Kennedy voted with the majority both times but did not write.

These cases are in QB’s area, not mine, and I look forward to his comments.  I also want to know from NoVaH if there is an effort to get Congress to clarify.  You would think the industry had an interest here, but the interest is obviously divided between the brand names and the generics.

I know Mike and ‘goose probably have some good points to offer.  But all are welcome to fill my insight gaps, here.

Weak Tea

The success Mitt Romney has thus far enjoyed seems, as far as I can see, to raise serious questions about the effectiveness of The Tea Party. Amidst all the attention paid to The Tea Party (understandable given the last national election) it’s difficult not to notice that The Tea Party does not, at the moment at least, seem poised to deliver the Republican nomination to a Tea Party Candidate.
Worse still, The Tea Party hasn’t even given us a credible candidate for the nomination.
One could, I think, be forgiven for not being willing to take The Tea Party all that seriously.

My 2008 Defense of Glass-Steagall

I originally posted this in 2008. I meander a little bit. Re-reading it, it sounds like I’m suggesting a lot of things were the result of the Glass-Steagall repeal that were largely unrelated . . . so this argument is flawed. But, I post it as an anchor point for others to advocate a return to Glass-Steagall or to object to any such foolishness. That being said, here it is:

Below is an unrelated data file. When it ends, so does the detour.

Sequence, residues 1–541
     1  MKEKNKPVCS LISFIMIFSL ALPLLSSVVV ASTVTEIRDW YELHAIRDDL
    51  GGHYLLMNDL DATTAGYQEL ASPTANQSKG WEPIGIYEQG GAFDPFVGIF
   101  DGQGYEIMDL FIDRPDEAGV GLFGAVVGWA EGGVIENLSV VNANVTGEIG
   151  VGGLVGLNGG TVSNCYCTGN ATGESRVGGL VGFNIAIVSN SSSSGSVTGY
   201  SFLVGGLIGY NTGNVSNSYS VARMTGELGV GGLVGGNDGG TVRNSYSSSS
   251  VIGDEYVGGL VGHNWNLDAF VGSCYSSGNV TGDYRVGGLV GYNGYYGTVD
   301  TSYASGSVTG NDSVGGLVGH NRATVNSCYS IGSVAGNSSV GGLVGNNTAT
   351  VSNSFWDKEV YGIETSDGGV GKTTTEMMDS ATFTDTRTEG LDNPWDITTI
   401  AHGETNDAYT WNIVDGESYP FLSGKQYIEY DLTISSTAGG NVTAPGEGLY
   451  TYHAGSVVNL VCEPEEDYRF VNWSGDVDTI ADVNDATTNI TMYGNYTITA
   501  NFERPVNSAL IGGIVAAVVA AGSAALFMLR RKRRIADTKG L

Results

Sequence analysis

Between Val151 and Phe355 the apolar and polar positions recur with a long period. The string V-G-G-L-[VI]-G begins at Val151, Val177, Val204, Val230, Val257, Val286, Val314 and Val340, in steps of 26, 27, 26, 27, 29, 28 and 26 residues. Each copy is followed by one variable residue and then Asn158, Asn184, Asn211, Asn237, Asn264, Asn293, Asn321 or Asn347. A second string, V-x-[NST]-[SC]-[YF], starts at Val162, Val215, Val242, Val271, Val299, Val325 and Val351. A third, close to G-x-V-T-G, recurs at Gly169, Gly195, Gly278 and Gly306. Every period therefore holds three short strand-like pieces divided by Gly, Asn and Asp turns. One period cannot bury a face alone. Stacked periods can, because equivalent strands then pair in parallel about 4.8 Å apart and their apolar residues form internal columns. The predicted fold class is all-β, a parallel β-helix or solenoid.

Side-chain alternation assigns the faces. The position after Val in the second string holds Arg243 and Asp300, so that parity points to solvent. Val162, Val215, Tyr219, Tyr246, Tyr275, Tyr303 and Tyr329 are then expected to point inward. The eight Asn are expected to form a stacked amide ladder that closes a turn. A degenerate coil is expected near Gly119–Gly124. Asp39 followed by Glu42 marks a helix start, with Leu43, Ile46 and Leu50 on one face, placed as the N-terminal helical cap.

Each time we repeal the Depression era legislation meant to prevent the sorts of collapses we saw in the late 20s/early 30s financial markets, we end up with a financial crisis. Has it ever occurred to those folks that those rules were there for a reason?

In 1933, the Glass-Steagall Act established the Federal Deposit Insurance Corporation, and one very important thing that it did was prevent large private banks–i.e., investment banks–from receiving deposits–i.e., servicing the little guy, and thus end up putting the little guy’s money at risk in speculative corporate and real-estate investments. The idea being to keep investment banks from becoming flush with the savings of middle- and lower-class folks and playing with that money in the marketplace–in no small part to allow for the creation of the FDIC, and keep the government from having to bail out the big investment banks if they ended up losing all their customers’ deposits in the stock market or in real estate speculation.